Students push for sustainability office at BYU

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A group of BYU students is calling for greater collaboration between students and administration in sustainability efforts on campus.

The movement is known as the BYU Student Sustainability Initiative, or BYU SSI, and is not officially affiliated with BYU. The founders are environmental science seniors Derrek Wilson and Allie Tuttle and they are assisted by plant and wildlife sciences professor Ben Abbott.

The founders of BYU SSI, from left, Allie Tuttle, Ben Abbott and Derrek Wilson. (Erika Magaoay)

According to Wilson, the goal of BYU SSI is to help the university be more environmentally friendly on an institutional level and to improve campus culture. He said BYU SSI leadership believes this can best happen through the creation of a student-led sustainability office and committee at BYU, which would allow for more focused and collaborative sustainability efforts and provide resources for students.

“When I talk to students about this idea, so often they say, ‘Where do I go to find people who are doing stuff like this?’ Nobody knows where other students are who care about the environment at BYU,” Wilson said. “If there’s a centralized office, then they can go there. They can get involved with the student board; they can get involved with projects and have fun and gain leadership experience.”

The BYU SSI logo. The organization was founded in January 2019 to help improve campus sustainability and student culture. (Allie Tuttle)

Tuttle said this office would be run by a student-led committee, creating opportunities for experiential learning and fulfilling BYU’s Aims, including improving the ecological environment.

The committee would also include a non-student sustainability coordinator. 

“Currently that (role) doesn’t exist on its own,” Wilson said. “It’s put under somebody else’s responsibility, so it doesn’t get much attention.”

Wilson and Tuttle have approached BYU administration, including Student Life Vice President Julie Franklin and Steven Sandberg, assistant to the president and general counsel. Both individuals expressed support but were unsure how to implement the proposal.

“It’s mostly people telling us they don’t know where it could fit within the university structure,” Wilson said.

BYU SSI has not yet been successful in securing administrative change within the university. According to Wilson, administration must understand that this issue is important to students for change to happen. He said the reason BYU didn’t sell caffeine products on campus before 2017 was because administration didn’t know students wanted it.

“If we tell administration what we want and across campus if students are supportive of this, then I think that will be the biggest factor in changing their minds,” he said.

For this purpose, Wilson and Tuttle have started an Office of Sustainability Petition.

“I think that will be the most powerful, direct action that students can take right now,” Wilson said.

Wilson presented the petition to students attending the environmental lecture series in the Kennedy Center on Wednesday, Feb. 12, and plans to do this every week. BYU SSI is aiming for 1,000 signatures by March 15.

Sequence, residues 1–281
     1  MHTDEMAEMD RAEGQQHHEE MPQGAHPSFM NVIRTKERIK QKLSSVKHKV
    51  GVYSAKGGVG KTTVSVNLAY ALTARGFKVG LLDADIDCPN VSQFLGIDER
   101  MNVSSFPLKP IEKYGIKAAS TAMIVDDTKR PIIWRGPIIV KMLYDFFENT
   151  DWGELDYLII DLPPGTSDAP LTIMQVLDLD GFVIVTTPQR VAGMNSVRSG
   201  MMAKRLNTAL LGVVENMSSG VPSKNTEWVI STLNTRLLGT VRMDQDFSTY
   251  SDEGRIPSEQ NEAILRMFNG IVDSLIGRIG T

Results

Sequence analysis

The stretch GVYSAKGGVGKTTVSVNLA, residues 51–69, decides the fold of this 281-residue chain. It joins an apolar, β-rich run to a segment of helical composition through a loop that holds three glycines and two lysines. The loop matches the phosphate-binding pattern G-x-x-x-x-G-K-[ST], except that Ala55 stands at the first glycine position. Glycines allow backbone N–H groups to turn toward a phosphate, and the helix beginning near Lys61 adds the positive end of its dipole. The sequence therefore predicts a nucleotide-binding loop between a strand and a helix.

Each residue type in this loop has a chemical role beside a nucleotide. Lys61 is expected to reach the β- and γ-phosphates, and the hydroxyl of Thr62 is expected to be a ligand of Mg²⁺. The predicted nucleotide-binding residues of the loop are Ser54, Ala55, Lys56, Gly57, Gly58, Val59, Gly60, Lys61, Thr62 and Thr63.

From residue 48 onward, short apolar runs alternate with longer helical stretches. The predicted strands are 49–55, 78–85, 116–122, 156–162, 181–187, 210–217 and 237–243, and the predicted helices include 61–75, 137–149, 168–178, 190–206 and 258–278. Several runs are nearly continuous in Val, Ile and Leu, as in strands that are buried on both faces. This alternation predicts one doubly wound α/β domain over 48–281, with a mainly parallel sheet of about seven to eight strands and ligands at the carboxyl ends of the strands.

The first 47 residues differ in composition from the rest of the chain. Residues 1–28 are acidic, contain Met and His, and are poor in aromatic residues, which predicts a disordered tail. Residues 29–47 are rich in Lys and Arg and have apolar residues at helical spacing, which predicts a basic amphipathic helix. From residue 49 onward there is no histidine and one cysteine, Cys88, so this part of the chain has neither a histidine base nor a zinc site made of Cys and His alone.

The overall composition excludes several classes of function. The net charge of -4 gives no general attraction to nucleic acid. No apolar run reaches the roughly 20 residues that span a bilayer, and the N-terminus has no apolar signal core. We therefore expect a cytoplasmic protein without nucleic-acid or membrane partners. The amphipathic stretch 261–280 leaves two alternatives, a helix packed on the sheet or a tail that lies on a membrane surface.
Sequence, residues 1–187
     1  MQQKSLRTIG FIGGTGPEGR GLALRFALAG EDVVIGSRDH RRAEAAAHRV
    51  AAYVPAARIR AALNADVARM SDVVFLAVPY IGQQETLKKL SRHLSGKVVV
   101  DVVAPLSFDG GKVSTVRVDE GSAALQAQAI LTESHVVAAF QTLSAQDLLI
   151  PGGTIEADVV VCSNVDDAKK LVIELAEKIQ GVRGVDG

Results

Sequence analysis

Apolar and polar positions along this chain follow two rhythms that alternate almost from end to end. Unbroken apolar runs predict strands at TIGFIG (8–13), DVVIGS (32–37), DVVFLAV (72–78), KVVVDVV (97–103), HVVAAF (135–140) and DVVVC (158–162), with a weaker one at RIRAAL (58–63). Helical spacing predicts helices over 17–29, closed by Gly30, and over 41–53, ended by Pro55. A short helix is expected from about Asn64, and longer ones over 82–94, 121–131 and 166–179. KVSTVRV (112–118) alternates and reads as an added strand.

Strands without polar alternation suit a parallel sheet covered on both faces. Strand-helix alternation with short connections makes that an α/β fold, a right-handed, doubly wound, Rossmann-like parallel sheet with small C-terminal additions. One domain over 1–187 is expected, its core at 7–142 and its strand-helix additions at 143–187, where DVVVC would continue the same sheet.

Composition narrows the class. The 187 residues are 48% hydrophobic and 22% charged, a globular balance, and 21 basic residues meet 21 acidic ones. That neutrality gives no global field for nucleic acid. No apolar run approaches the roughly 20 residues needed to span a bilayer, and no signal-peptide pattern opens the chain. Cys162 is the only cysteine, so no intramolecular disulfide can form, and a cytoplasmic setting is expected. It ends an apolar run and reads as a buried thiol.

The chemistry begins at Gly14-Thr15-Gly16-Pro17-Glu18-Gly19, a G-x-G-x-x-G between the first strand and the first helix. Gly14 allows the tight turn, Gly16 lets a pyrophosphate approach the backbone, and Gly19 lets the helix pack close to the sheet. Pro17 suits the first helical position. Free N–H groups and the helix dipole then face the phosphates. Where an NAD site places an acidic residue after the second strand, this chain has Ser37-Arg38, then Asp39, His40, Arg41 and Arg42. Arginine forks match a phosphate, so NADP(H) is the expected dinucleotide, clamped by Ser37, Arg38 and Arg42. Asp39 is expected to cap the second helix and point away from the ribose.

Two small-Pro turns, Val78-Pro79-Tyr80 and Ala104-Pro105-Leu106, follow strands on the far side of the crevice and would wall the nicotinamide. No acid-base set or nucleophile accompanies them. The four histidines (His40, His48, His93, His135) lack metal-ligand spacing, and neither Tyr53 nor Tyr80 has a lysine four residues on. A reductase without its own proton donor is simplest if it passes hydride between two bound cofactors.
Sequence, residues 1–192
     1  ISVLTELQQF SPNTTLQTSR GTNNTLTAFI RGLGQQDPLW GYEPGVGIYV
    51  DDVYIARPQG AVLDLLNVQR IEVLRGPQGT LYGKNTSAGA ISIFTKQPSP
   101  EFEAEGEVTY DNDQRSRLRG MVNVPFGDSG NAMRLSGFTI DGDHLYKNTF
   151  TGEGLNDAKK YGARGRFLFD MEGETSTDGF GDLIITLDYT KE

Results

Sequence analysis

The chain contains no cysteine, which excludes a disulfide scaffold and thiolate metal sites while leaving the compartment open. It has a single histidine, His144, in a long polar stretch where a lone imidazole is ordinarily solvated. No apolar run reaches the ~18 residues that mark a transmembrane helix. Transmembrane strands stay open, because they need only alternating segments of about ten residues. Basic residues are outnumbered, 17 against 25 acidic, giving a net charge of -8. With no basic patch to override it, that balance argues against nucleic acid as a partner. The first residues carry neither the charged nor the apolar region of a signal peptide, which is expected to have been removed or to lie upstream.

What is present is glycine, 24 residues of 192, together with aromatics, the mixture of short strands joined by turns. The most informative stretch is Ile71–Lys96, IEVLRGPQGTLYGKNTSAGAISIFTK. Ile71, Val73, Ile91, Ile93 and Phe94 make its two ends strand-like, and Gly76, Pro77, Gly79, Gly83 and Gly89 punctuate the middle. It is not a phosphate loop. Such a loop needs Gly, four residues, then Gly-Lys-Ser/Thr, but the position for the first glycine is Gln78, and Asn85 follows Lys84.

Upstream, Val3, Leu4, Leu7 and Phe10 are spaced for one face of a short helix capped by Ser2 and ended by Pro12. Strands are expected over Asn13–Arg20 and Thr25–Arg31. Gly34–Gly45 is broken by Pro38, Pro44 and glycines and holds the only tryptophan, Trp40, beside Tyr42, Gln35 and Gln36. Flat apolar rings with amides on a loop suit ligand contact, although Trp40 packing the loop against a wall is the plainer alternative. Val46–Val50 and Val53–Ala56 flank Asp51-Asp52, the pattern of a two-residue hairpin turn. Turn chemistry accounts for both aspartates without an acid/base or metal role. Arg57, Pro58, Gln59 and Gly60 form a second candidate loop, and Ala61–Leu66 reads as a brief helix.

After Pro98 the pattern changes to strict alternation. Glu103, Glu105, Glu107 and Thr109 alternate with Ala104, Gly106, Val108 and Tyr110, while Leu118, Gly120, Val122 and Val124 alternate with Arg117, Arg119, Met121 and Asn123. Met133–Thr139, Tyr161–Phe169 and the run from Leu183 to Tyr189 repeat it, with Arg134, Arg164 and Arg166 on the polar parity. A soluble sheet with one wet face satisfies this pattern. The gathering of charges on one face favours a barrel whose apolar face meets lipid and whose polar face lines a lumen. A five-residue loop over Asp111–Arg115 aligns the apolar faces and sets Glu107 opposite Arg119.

Derrek Wilson, Emilee Severe and David Dominguez look on as a student signs the petition after the Kennedy Center’s environmental lecture on Wednesday. (Erika Magaoay)

Among the students who signed the petition was advertising major Juan Garcia. “I don’t know much about the environment, or what effects what, but I know the air in Utah is pretty bad,” he said.

University of Utah and Utah Valley University both have sustainability boards, and Utah State University has a sustainability council that provides grants that allow students to receive funding for campus projects. Wilson said that unlike other universities, BYU’s student body representatives cannot affect fees or allocate funds to different places.

“Nothing that we do here will be the same as other universities,” he said. “But we can still have an impact and use our voice as students collectively to have broader changes on campus and push the administration.”

A lot of people don’t know BYU already exercises significant sustainability practices, according to Wilson. A lot of the food waste from the Cannon Center and clippings from the grounds crew are currently composted, and he said the university also makes energy conservation efforts.

“One of our goals is trying to get more of that stuff available to students,” Tuttle said. “Our biggest thing is we want to get the students involved.”

BYU SSI leads a variety of projects to unite students in sustainability efforts. The projects serve to inform students of the initiative, teach and encourage sustainability and show the administration that they are serious, said Tuttle. 

Last fall BYU SSI held an alternative transportation fair, which included a bus in Brigham Square and representatives from the BYU Bike Committee, Utah Transit Authority and Spin Electric Scooters.

“We just wanted to let people know that you don’t need a car to get to campus and around Provo,” Tuttle said. 

Recently the group assisted Y-Serve’s refugee projects by collecting plastic bags to be made into mats. Tuttle and other BYU SSI members placed donation boxes in the Cannon Center and Heritage Halls.

BYU SSI is holding a “Tour de Bins” where students can improve BYU’s recycling system by finding better recycling bin locations on campus. The group is working with BYU recycling to make the changes effective and long lasting. Volunteers who come can assist in identifying high-traffic areas that could use different kinds of recycling bins.

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